“Hear my piercing cry, O God!” Lord, help me! David knew he had no place to go but to God. Anyone who has known desolation of soul knows what David’s cry was like.

2 From the end of the earth will I cry unto thee, when my heart is overwhelmed: lead me to the rock that is higher than I.
“From the end of the earth will I cry unto thee, when my heart is overwhelmed.” Sorrow is bad enough when it can be suffered in one’s own home, when one can be alone in familiar surroundings. It is harder to bear when staying with someone else, for then it has to be stifled and muted. There is the aggravation of the pitying eye and well-meaning solicitudes of others when all one wants is to be left alone.

David was far from home in the beautiful farm country of Gilead. He was with generous friends, but he wanted to be home. Mahanaim was only two or three days’ journey from Jerusalem and well within the frontiers of the Promised Land, but to David it seemed like “the end of the earth”—a phrase that could refer either to geographical or spiritual distance. He might just as well have been in Egypt. He was away from home, away from the place where God dwelled between the cherubim upon the mercy seat. “My heart is overwhelmed,” he cried, meaning either his strength is gone or his courage has failed him. “The end of the earth” is any place of extreme sorrow or depression; it is equivalent to the uttermost of which Hebrews 7:25 speaks—“ Wherefore he is able also to save them to the uttermost that come unto God by him, seeing he ever liveth to make intercession for them. We are never really far off from God; but, due to depression, and physical weakness, and the oppression of our foes, we may feel that we are. But we are never too far off to pray to Him, or, as in the case of Jonah, so far down (Jonah 2).

Can I ask you a question? When you pray, have you ever felt that God is way up in the heavens and you are way down here? David feels that he is at “the end of the earth{1]” and God is way off yonder. He is trying to get closer. He wants to get to “a Rock that is higher” than he is. The reason I am opposed to this modern viewpoint of Jesus is because the Jesus who is presented is not a superstar at all. He is just a man like I am. He is a rock that is no higher than I am. I need to be led to “the Rock that is higher than I.” The “rock” must be someone greater than man; otherwise man can never find shelter in it. The Word of God tells me that that “Rock” is Jesus Christ (1 Corinthians 10:4), and He is a lot “higher than I” am. What a picture we have here of the Lord!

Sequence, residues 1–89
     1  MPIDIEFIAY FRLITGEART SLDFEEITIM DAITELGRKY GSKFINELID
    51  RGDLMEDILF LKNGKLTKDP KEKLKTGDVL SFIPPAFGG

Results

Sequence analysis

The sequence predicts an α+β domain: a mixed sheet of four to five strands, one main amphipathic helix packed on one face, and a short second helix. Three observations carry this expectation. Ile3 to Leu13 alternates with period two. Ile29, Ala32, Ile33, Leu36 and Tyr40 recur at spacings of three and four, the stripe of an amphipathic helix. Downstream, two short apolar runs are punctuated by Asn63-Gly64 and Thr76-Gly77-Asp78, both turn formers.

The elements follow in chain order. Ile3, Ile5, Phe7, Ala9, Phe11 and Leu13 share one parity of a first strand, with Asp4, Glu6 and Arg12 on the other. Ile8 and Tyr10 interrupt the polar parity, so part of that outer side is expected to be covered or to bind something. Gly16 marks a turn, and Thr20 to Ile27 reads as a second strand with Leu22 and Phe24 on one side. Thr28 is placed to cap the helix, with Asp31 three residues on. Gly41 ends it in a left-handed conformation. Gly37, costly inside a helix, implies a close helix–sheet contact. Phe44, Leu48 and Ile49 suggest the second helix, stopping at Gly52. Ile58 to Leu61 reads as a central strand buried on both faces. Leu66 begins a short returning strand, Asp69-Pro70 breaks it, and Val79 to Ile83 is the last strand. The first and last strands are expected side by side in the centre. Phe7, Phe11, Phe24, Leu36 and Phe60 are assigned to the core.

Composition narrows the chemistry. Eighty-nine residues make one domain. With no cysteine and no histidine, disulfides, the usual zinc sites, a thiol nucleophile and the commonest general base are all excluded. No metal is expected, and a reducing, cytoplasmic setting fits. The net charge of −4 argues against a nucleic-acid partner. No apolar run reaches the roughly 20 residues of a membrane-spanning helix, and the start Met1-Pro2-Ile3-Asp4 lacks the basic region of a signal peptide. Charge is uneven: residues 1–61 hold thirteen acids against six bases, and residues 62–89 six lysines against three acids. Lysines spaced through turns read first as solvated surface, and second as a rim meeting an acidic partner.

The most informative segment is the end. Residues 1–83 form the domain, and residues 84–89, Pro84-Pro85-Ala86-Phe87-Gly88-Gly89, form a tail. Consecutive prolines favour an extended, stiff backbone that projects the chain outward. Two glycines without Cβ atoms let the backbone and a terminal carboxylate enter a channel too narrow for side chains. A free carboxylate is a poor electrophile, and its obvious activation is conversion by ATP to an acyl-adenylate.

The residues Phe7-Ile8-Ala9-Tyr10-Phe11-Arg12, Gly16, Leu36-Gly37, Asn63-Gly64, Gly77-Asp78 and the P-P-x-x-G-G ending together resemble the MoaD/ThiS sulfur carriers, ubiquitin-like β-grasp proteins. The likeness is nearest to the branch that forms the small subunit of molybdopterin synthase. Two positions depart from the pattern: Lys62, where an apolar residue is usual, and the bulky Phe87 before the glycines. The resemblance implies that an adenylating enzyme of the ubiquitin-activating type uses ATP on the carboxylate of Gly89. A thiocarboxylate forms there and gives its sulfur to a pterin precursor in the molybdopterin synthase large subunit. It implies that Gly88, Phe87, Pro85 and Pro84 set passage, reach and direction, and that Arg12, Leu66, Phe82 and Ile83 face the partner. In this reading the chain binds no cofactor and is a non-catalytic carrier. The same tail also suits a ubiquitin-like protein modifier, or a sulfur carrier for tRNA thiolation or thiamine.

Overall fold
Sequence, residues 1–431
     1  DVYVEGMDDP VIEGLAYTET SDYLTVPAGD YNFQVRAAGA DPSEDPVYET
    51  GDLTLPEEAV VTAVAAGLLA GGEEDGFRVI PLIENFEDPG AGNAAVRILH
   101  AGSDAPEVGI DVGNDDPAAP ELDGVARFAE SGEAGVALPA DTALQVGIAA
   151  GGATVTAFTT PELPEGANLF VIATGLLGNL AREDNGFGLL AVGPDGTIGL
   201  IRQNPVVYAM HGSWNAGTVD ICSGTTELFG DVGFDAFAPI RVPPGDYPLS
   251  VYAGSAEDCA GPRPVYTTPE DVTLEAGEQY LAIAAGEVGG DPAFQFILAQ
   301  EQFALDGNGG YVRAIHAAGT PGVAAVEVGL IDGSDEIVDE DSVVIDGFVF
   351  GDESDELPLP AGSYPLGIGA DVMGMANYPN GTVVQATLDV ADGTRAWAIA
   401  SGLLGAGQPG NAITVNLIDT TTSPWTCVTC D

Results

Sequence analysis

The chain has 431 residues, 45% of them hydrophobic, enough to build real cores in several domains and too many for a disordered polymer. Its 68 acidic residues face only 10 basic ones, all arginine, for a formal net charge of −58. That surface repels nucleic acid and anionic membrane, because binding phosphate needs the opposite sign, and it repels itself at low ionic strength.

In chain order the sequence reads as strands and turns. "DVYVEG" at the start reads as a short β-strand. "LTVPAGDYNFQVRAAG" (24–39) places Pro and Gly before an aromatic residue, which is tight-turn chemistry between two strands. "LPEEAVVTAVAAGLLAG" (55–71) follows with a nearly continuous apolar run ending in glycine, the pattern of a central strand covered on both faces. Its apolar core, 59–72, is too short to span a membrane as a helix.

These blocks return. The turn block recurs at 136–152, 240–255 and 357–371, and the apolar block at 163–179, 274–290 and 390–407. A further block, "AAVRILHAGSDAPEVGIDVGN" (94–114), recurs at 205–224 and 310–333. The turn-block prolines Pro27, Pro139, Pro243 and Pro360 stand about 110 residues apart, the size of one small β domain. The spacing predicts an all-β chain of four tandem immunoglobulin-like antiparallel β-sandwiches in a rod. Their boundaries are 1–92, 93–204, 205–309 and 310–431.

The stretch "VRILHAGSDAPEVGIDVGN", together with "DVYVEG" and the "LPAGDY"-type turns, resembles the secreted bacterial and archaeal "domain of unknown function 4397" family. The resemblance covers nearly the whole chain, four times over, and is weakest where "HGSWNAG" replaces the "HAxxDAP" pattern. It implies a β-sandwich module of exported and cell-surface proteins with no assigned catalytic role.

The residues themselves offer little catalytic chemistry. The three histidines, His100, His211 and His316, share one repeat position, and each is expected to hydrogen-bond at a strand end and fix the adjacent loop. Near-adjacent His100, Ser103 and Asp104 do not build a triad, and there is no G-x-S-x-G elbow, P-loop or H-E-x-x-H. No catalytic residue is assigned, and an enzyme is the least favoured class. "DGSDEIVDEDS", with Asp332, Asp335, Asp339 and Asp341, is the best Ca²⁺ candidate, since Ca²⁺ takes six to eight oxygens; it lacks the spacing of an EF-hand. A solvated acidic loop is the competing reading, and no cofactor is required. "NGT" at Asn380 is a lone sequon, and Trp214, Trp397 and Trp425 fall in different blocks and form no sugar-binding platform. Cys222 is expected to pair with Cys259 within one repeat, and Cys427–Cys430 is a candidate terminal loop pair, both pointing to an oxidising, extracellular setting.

“Lead me to the rock that is higher than I,” he said. What rock is this? It could only be the Rock of Ages; contrasting himself with God. Cleft for us, O, Rock of Ages! And yet we cannot climb up into its clefts: we need the hand of Divine grace to lift us up there, and keep us there. God told Moses, “When my glory passes by, I will put you in a cleft in the rock and cover you with my hand until I have passed by” (Exodus 33:22). “Higher than I” is literally “too high for me.” The meaning is clear: God has resources far beyond man’s puny power. These are the words of a man aware of his own failure and frailty. Sorrows surged around him like the rolling billows of the sea. He was going under and could find neither help nor hiding place in himself or in his friends, any one of whom would have died for him. Indeed, some already had.

In the language of the ideology of his day the “Rock” was the opposite of the underworld of Satan. This mystical language that was common throughout the Near East, however, had a basis in fact for Israel. For David had purchased from the self-employed farmer, Araunah, the rock on his property on which he had trained his bullocks to tread out the grains of his barley and wheat. This incident is found at 2 Samuel 24:18-25. Later on David’s son, Solomon, built his temple over this rock. The rock is visible to this day as it stands within the great Mosque of Omar, which is known now as the “Dome of the Rock.”

David was facing the bitterest of all experiences. He realized that he had been his own worst enemy. If he had not sinned with Bathsheba many years ago, none of these sorrows would be swirling now around his soul. He longed for God to lift him above his troubles: “Lead me to the rock that is higher than I.” He needed God, for he himself was a failure.

{1] “The end of the earth” perhaps refers to the brink of the underworld.